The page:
I had never seen entire structures made of giant tree bark shingles. Often times several people lived within one of these structures. Today we would call these type of structures glamping accommodations.
There was a special section of town especially for little pioneers. The one building had a mock setup for milking a cow. Kids could pull the cow utters and milk (I’m assuming it was water) came out into a bucket. There was also a children’s garden, and Mary Ann’s Cabin, full of hands on toys and activities.
We have all been to an old printing press before, but I had never seen and learned about a Linotype machine. Previous to this machine, each individual letter or picture had to be inserted manually into the typesetting. Then the typesetting was used in a press to make the papers. With the Linotype machine, someone used a typewriter to write out what they wanted, which then dropped each letter into the typesetting, no longer requiring manual setting. Incredible engineering!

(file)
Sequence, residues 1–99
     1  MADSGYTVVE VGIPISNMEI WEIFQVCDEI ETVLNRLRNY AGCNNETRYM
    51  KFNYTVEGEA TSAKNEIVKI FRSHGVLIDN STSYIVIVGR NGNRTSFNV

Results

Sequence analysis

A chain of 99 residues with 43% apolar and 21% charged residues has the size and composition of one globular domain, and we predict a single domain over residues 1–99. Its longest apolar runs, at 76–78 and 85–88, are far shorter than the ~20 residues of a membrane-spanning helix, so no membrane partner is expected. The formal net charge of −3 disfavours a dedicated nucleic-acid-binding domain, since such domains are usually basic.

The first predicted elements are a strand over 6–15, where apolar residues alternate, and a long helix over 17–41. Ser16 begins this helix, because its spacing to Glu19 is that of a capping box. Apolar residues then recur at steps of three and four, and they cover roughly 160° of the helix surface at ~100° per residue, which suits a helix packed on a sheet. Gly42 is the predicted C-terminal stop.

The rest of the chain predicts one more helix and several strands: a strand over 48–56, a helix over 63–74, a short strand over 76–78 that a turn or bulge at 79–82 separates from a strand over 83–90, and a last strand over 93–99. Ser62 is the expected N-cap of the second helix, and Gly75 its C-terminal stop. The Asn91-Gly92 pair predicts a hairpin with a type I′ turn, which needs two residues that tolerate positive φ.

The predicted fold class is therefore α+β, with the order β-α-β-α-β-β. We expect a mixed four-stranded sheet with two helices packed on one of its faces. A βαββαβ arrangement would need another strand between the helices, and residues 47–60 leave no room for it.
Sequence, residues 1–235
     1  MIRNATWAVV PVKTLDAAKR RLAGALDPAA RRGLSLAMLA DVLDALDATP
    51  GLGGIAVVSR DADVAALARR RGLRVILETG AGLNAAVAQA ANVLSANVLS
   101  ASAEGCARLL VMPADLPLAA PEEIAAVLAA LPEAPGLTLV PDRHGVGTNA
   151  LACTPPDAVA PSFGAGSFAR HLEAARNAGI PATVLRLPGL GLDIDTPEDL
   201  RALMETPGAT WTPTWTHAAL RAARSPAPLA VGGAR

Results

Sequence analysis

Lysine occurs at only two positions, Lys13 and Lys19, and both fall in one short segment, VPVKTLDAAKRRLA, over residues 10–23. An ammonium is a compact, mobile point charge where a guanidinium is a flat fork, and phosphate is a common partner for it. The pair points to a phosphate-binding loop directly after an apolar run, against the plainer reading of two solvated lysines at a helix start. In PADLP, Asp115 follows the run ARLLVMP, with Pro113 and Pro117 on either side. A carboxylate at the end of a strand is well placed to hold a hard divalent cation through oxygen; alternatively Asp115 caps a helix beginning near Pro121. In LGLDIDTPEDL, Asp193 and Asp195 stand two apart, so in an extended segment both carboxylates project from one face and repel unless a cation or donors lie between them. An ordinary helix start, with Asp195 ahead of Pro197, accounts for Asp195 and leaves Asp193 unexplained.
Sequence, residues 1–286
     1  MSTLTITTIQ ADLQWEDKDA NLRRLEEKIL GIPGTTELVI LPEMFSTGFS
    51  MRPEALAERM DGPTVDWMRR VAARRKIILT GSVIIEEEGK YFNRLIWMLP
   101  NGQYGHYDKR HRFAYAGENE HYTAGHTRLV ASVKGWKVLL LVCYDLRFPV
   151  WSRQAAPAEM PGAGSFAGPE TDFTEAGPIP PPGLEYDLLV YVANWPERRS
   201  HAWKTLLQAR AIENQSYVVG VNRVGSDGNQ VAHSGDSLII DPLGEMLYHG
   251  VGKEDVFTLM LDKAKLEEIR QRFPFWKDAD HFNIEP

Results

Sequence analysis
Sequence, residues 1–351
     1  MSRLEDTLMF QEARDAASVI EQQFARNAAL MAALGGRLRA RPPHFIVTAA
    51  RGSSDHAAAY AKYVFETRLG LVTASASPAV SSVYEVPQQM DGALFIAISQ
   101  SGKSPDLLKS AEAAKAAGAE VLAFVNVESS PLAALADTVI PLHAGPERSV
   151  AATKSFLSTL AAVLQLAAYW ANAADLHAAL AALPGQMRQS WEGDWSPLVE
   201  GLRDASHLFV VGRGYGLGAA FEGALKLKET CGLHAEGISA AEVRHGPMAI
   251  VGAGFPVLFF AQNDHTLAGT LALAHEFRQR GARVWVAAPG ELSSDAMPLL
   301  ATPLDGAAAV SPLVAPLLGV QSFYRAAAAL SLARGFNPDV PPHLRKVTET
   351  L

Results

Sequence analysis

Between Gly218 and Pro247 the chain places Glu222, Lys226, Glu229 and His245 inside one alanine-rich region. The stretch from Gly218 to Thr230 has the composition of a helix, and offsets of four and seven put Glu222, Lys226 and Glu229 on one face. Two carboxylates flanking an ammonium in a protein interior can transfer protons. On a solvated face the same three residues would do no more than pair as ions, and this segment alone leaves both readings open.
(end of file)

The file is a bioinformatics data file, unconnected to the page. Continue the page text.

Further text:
We wrapped up our visit at Sauder Village by stopping in old fashioned ice cream parlor. They serve locally made ice cream from Homestead, and the prices were incredibly reasonable, as they were throughout Sauder Village.
Just the other day I was wondering why we do not drive down the road on logs? The western portion of Ohio was very swampy, and in order for settlers to venture west, they laid logs down. Imagine how bumpy that road trip would have been?
Anybody for a trim at the old fashion barber shop?
So if you are traveling through northwestern Ohio, our family strongly recommends stopping at Sauder Village, located in Archbold, Ohio.